Whitgob asked 13 colleagues at Stanford, who remained anonymous, to share how they would respond to discrimination, based on a few real life case studies, including her own intern’s experience. She summarized the senior doctors’ answers into four basic guidelines that she hopes will become standard procedure in hospitals and medical schools.
Step 1: Ignore comments during an emergency
If a medical matter is urgent or if it is an actual emergency, simply ignore or respond to the discriminatory remarks, rather than indulge in the parents’ request for a staff change.
“It’s an urgent versus routine thing,” one doctor said. “If we’re just doing a routine checkup, it’s one thing. If you’re here to deliver a baby or the baby urgently needs attention and I’m the only person to provide the care, then there’s not a lot of choice in the matter.”
Step 2: Focus on the shared goal of treatment
Every doctor agreed that it was important to redirect patients so that they focused on the shared goal of treatment. But from there, the doctors split: Some suggested trying to reason or even empathize with patient anxieties, while others suggested zero tolerance for discriminatory views.
Notably, the four doctors with the most clinical and teaching experience advocated zero tolerance to Whitgob:
If I think there’s some mistaken thought that is contributing to this prejudice or to not wanting this provider to take care of the child, then I’m willing to go there. But if it seems to be a situation of just prejudice, then I’m not going to get into that conversation. We’re just going to focus on, “These are our providers. This is what we do. Let’s focus on getting what you came here for.”
Step 3: De-personalize the event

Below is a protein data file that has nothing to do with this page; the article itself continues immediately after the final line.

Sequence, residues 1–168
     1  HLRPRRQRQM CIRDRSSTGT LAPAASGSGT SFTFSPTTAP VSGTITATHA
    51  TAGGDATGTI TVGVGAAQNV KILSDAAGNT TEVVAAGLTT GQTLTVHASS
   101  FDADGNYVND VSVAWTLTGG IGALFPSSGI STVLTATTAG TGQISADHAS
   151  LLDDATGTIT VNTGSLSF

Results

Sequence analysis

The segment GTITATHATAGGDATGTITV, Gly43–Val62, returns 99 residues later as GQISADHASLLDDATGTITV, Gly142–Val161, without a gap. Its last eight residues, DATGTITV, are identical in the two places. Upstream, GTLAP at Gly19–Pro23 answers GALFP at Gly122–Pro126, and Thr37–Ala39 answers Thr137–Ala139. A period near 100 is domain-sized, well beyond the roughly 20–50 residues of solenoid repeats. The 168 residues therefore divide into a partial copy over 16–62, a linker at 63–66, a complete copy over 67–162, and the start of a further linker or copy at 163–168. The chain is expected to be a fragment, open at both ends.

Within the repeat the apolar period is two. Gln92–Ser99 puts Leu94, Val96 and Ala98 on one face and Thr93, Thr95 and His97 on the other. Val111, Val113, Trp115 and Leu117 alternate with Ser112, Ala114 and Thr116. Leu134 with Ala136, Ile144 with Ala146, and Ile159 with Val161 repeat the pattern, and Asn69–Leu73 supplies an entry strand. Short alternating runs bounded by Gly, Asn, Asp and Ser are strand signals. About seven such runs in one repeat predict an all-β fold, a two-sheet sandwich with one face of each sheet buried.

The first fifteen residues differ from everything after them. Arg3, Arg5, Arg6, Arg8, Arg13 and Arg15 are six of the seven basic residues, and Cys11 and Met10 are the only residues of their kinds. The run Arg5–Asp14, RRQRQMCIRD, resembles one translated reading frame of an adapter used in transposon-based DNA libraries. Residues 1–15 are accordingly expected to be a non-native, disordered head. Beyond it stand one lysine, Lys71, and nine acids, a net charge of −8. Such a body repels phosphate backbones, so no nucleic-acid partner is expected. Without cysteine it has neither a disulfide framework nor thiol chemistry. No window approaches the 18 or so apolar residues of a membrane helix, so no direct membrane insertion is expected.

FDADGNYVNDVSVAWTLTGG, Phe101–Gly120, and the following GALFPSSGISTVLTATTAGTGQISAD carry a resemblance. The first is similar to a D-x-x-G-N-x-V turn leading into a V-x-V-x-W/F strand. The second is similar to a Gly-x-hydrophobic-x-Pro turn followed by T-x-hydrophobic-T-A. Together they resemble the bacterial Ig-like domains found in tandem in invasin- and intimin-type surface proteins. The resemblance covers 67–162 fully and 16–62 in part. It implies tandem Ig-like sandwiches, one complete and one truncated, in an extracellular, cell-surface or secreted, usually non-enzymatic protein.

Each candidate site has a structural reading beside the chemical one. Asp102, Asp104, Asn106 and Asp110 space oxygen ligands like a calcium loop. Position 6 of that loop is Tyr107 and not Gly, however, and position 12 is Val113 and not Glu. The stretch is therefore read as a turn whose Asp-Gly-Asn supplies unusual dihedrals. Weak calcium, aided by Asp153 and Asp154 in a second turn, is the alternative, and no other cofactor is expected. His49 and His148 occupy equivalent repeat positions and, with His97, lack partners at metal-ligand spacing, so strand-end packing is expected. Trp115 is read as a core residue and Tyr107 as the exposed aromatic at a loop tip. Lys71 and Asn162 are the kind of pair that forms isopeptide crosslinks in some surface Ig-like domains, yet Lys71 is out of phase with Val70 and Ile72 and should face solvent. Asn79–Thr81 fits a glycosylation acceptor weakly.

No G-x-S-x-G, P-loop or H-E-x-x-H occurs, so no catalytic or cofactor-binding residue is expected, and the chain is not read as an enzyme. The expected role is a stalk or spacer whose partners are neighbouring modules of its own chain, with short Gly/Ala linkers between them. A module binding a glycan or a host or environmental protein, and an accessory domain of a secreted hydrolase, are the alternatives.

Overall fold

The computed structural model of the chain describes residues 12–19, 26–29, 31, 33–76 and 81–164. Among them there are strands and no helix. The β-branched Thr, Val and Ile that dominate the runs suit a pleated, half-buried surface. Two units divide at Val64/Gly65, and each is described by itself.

While it’s difficult to do, after the event, residents should find a way to relieve their own emotions about the discrimination and re-frame it as the patient’s problem. Support from supervisors may be key to helping them process the experience.
“The emotional heaviness of this can be alleviated if you rest on your professional values,” said one doctor.
Step 4: Hospitals need to demonstrate support
It’s important that hospital administrations demonstrate to medical staff that they are valued members of the team, and that any kind of mistreatment will not be tolerated.
They must acknowledge instances of discrimination and mistreatment and support medical trainees’ decisions on how to move forward with care.
“Sitting down and having a one-on-one or even having the whole team discuss it is important,” said one doctor. “Because I think all residents will be discriminated against, no matter what, at some point in their career.”
Prejudice is everywhere, and it can walk into hospitals at any time.
Whitgob’s paper is a small, qualitative study of a single hospital, but she does hope that in raising the issue and attempting to come up with a set of guidelines for the inevitable encounter with a prejudiced patient, medical schools and hospitals can begin talking to staff about discrimination from patients early and often.
“Having people be aware and prepared is, in some cases, all we can ask for,” Whitgob concluded. “But I think that it will really help people be not quite as dumbfounded when these things happen.”
And hopefully, preparing for prejudiced patients will help hospitals and medical institutions continue on their transformation toward safe, supportive working environments for new doctors.